• Add tahini, garlic, lemon juice and salt to food processor and process until smooth. You can also mash this with a potato masher
  • Stir in the parsley. Season with more salt, to taste.
  • Serve with homemade pita bread. Serves four to six.

Homemade Tortilla Chips

The first time I made homemade tortilla chips was out of necessity and laziness. I was too lazy to drive to the store and buy chips and needed them for the fresh bowl of guacamole I had just made. I know it was very poor planning to make guac and not have tortilla chips. I have no defense there.

I use to fry them, which works fine, but takes both a lot of time and a lot of oil. Now I bake them.

I love making my own tortilla chips for several reasons. First, I’ve never seen commercially available tortilla chips made with just olive oil (I’m sure they exist, I’ve just never found them). I’m not a fan of soy or canola oil, so I avoid them. Second, I always try to keep corn tortilla in my

fridge, so the ingredients are on hand. Third, they are so doggone good!


8 corn tortillas
2 tablespoons olive oil


  • Heat oven to 375ºF
  • With a pastry brush or your hands, coat both sides of the tortillas with olive oil.
  • Stack the tortillas for easy cutting.
  • Cut the stack into eighths.
  • Separate the pieces and arrange in a single layer on a baking sheet and sprinkle with salt.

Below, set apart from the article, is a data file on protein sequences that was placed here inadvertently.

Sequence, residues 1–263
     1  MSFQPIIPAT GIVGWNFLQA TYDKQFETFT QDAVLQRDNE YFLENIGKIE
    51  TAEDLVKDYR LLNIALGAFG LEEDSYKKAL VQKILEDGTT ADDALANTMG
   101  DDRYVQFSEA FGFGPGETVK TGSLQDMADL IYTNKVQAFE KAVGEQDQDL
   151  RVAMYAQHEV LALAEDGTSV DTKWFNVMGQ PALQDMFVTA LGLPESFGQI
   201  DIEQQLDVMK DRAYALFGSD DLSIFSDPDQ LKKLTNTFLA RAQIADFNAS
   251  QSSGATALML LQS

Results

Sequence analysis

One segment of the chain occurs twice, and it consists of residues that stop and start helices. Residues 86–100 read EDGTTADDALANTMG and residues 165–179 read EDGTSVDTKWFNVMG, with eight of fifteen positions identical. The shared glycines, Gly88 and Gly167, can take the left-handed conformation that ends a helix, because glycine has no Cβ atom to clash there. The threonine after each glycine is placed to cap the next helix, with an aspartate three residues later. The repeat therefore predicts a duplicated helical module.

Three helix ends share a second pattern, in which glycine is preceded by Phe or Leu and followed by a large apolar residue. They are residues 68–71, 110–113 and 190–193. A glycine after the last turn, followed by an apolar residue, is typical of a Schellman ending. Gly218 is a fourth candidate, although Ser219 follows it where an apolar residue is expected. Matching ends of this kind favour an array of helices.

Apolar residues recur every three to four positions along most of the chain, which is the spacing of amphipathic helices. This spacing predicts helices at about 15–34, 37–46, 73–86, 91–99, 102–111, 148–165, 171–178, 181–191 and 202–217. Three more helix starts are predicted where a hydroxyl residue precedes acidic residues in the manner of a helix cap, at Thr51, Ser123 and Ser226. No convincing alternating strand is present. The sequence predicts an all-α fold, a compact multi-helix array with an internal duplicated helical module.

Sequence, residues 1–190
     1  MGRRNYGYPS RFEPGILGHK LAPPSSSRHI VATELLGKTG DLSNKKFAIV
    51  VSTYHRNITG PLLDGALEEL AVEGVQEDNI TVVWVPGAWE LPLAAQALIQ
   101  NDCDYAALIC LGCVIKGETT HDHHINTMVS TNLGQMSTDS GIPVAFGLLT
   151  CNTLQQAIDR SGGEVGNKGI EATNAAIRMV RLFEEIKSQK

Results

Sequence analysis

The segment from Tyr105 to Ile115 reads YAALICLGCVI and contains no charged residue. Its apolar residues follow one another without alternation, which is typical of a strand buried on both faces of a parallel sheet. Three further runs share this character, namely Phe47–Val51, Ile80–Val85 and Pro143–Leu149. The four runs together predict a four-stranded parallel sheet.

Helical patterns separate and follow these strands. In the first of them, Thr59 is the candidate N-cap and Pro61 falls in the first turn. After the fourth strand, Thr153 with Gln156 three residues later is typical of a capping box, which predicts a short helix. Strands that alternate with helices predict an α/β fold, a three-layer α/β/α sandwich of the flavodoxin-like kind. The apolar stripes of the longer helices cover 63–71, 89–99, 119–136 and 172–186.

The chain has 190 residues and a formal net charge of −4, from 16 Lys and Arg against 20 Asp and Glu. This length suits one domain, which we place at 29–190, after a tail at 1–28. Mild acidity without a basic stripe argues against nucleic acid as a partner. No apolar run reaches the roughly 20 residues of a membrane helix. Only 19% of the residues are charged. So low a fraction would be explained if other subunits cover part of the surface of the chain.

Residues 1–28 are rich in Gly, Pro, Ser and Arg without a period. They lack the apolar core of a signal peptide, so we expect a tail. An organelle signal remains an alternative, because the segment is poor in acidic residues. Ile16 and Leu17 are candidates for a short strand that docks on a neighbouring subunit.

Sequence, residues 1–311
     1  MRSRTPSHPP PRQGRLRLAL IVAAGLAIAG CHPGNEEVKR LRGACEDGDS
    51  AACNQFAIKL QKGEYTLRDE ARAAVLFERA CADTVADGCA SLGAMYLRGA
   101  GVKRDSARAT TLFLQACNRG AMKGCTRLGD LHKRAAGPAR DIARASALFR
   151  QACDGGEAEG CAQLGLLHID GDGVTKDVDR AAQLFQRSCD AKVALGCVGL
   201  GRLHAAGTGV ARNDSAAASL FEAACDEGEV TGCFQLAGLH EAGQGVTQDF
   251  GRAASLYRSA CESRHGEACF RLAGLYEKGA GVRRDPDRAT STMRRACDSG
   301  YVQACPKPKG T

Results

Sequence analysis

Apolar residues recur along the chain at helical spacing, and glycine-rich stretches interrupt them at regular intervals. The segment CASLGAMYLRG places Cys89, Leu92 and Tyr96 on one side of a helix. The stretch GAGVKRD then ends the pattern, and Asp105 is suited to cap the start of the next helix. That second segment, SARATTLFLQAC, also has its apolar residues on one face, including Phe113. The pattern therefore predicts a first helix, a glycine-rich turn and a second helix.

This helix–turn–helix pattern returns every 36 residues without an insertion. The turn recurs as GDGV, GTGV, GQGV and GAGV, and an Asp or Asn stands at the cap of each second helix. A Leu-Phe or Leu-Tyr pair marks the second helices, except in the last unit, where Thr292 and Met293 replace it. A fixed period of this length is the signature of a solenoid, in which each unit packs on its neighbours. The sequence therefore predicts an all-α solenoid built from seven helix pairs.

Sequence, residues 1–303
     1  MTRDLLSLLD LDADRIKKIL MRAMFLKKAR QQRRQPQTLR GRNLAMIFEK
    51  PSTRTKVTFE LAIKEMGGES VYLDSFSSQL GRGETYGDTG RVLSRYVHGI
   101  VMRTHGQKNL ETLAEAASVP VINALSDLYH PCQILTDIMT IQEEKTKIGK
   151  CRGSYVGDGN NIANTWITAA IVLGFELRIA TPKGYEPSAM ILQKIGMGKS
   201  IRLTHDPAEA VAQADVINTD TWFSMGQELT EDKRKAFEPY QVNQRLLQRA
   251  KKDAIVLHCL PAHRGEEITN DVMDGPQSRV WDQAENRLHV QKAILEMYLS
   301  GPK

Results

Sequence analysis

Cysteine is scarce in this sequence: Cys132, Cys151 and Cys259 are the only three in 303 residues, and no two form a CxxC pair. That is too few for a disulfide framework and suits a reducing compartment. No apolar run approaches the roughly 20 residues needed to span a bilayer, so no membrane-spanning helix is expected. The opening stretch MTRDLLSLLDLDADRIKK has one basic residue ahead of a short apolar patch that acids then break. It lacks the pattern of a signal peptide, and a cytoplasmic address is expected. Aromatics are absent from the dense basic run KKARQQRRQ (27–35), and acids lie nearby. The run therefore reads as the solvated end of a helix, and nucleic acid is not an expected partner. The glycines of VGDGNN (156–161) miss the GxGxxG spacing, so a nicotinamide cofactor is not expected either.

• Bake the chips for about 8-12 minutes or until they are crisp and just beginning to brown slightly. Keep an eye on them and don’t let them burn!
  • Remove from oven and let cool 5 minutes. They should get crispier as they cool. If they still aren’t crisp enough, place them back in the oven. Again, keep an eye on them, since nobody wants burnt chips!
  • Serves four (or two if you eat as much as we do).

Squash Blossoms

A few weeks ago my sister-in-law Tori wrote this on my facebook wall: “Kara, if you’ve never tried them before, gently fry up some zucchini flowers–absolutely amazing….” Since then, several people have echoed her sentiments. My first thought was, “What about the zucchini?” I thought that if you picked all the blossoms than you wouldn’t get any squash. It is true. If you pick all of the blossoms on your plants you won’t get any squash. The trick is to only pick the male ones and even then, don’t pick them all. It takes two to tango and the plant needs some male blossoms to pollinate the female blossoms.